A Tribute to David Baldus, a Determined and Relentless Champion of Doing Justice

Author:William J. Bowers
Position:Principal Investigator for the Capital Jury Project ('CJP'); Principal Research Scientist in the School of Criminal Justice, University at Albany, formerly at Northeastern University
Pages:1879-1904
 
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1879
A Tribute to David Baldus, a Determined
and Relentless Champion of Doing Justice
William J. Bowers
I. INTRODUCTION .................................................................................... 1880
II. MY EVOLVING RESEARCH ON RACIAL BIAS AND THE ABSENCE OF
DETERRENCE ........................................................................................ 1880
A. FINDING HISTORICAL EVIDENCE OF RACIAL BIAS IN EXECUTIONS ...... 1880
B. RESPONDING TO FURMAN V. GEORGIA ........................................... 1881
C. MY INITIAL CONTACT WITH DAVID BALDUS AND THE QUESTION OF
DETERRENCE .................................................................................. 1883
D. MY RETURN TO THE ISSUE OF RACIAL BIAS ...................................... 1885
III. DAVID BALDUS AND THE SHOWDOWN OVER RACIAL BIAS .................... 1889
A. THE PROCEDURAL REFORM STUDY AND THE CHARGING AND
SENTENCING STUDY ........................................................................ 1889
B. MCCLESKEY AND THE BALDUS RESEARCH ....................................... 1890
IV. THE CAPITAL JURY PROJECT (CJP) ...................................................... 1893
A. HOW THE CJP TOOK SHAPE ............................................................ 1893
B. FINDINGS OF THE CJP ..................................................................... 1896
1. Premature Punishment Decision-Making .......................... 1897
2. Failure to Understand Sentencing Instructions ................ 1897
3. Belief that the Law Required Death for Certain Kinds of
Crimes or Defendants .......................................................... 1898
4. Evasion of Punishment Responsibility ................................ 1898
5. Underestimation of the Death Penalty Alternative ........... 1898
6. Pro-Death Predisposition of Jurors ..................................... 1899
7. Racial Bias in Jurors’ Sentencing Decisions ....................... 1899
C. IMPLICATIONS OF CJP FINDINGS FOR CAPITAL LITIGATION ............... 1900
V. THE INSPIRATION DAVID PROVIDED .................................................... 1902
Principal Investigator for the Capital Jury Project (“CJP”); Principal Research Scientist
in the School of Criminal Justice, University at Albany, formerly at Northeastern University. I
wish to thank Gail Agrawal, Eric Andersen, and Emily Hughes for convening the October 20,
2011 tribute to David Baldus at the Iowa Law School, for inviting me to participate in it, and for
inviting me to contribute this statement of tribute to David for pu blication in this special issue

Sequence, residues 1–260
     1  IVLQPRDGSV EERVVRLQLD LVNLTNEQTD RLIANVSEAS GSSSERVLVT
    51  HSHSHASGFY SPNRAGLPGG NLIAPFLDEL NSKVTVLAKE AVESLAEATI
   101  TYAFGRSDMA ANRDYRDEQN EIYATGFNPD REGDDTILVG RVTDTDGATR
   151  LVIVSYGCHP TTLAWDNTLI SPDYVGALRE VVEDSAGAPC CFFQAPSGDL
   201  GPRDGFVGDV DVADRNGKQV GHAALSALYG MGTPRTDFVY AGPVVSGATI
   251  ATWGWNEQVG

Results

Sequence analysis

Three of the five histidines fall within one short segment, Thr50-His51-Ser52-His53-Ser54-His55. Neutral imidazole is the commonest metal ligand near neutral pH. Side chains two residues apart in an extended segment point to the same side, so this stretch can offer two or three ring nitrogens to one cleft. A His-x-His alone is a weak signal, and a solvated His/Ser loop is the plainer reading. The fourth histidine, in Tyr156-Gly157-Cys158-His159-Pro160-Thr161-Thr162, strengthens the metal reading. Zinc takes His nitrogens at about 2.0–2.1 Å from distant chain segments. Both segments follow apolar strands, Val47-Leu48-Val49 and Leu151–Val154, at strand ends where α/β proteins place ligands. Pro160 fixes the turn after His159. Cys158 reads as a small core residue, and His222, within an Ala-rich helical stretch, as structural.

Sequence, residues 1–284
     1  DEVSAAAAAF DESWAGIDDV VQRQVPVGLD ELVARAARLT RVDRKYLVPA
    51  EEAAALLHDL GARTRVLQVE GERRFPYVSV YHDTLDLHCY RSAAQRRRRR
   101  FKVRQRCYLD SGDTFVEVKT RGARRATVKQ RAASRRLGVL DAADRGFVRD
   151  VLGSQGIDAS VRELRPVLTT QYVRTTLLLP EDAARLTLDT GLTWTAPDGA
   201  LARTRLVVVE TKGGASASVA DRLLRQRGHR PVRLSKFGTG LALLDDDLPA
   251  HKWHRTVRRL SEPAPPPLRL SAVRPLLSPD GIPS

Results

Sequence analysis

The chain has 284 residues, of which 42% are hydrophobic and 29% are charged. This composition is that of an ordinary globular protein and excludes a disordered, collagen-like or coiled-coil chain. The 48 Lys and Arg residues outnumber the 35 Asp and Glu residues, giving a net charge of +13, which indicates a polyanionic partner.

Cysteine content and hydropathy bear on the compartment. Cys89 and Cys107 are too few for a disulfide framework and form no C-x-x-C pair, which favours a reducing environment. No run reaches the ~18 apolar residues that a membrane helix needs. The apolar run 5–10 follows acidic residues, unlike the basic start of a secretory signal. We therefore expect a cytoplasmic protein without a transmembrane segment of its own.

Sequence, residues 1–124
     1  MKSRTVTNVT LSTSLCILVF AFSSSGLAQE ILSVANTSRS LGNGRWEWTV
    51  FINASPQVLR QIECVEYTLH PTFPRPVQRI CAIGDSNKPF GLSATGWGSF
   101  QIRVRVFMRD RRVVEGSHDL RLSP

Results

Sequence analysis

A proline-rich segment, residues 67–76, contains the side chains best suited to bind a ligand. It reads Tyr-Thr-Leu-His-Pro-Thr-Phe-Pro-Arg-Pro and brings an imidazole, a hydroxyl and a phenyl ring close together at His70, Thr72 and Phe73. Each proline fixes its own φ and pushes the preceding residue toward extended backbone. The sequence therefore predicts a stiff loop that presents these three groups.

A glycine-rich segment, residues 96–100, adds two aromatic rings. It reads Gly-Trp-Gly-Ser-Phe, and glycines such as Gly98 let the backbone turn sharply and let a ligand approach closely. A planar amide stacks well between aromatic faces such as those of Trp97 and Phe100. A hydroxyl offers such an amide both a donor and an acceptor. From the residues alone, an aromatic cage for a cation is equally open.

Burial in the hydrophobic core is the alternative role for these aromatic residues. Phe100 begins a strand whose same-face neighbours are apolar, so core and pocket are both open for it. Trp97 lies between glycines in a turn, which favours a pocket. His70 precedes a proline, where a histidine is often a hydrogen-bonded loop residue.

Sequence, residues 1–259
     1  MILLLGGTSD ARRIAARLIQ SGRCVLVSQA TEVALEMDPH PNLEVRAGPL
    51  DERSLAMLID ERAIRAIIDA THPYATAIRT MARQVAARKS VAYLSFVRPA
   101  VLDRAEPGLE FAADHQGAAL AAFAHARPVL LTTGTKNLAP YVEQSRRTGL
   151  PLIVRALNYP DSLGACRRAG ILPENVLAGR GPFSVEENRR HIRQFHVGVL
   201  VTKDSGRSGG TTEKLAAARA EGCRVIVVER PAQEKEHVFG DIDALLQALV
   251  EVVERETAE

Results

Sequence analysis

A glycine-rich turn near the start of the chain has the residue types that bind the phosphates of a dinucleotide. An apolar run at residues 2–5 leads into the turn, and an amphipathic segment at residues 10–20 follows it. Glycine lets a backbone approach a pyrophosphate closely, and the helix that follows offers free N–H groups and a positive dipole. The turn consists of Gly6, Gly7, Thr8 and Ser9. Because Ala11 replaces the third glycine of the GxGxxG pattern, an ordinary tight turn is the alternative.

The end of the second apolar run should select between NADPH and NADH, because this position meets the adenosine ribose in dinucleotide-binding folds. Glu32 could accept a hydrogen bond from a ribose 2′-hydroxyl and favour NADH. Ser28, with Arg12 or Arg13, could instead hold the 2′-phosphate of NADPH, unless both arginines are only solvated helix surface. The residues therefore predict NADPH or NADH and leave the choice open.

of the Iowa Law Review.
1880 IOWA LAW REVIEW [Vol. 97:1879
I. INTRODUCTION
David Baldus was a remarkable man who I came to respect and admire
both personally and for his contributions as a legal scholar and empirical
researcher. His groundbreaking study of racial bias in the administration of the
death penalty under Georgia’s post-Furman capital statutes should have ended
capital punishment in America. It brought the U.S. Supreme Court within one
vote of such a decision, a vote that Justice Powell upon reflection said he
should have cast. That is to say, David’s pioneering study presented in McCleskey
v. Kemp should have been the basis for a landmark Supreme Court decision
ruling capital punishment unconstitutional. The fact that he came so close
without achieving this victory over injustice adds an element of sadness to this
tribute for me.
In this festschrift for David and his work, we have been invited to relate
not only our appreciation for him and his work, but also especially how he
influenced and contributed to our own research efforts. I n my case, this was a
pattern of give and take that brought us closer together as colleagues and
friends over a period of four decades. In my mind, the best way to tell this story
is chronologically. I first outline the development of my own interest, focusing
on the issues of racial bias and deterrence in capital punishment and how they
dovetailed with David’s concerns with these same matters. I then lay out David’s
pioneering contribution to research on racial bias that materialized in his study
of capital cases under the Georgia statute and worked its way up to the U.S.
Supreme Court in McCleskey v. Kemp.1 I then turn to how David’s work in
McCleskey and the Court’s reaction to it shaped my long-term and continuing
death penalty research commitment, namely, the Capital Jury Project (“CJP”). I
end this account with some words of appreciation for David’s con tributions
and his friendship.
II. MY EVOLVING RESEARCH ON RACIAL BIAS AND THE ABSENCE OF
DETERRENCE
A. FINDING HISTORICAL EVIDENCE OF RACIAL BIAS IN EXECUTIONS
In January 1972, I sent a graduate research assistant to the library to look
for historical data on executions. She came back with a portion of the
congressional record that listed several thousand persons executed under state
authority since 1864. The listing, which encompassed the states from Alabama
through Louisiana, had the condemned person’s name, race, age, date of
execution, crime, county of prosecution, and any appeals. On the very first
page for Alabama, it was astonishing to see how almost unbroken the string of
“N’s” for Negro was in the column that showed the race of the condemned.
This was the first half or so of an inventory of almost six thousand executions
imposed in the prisons of some eighteen states since the Civil War. It was
1. McCleskey v. Kemp, 481 U.S. 279 (1987).

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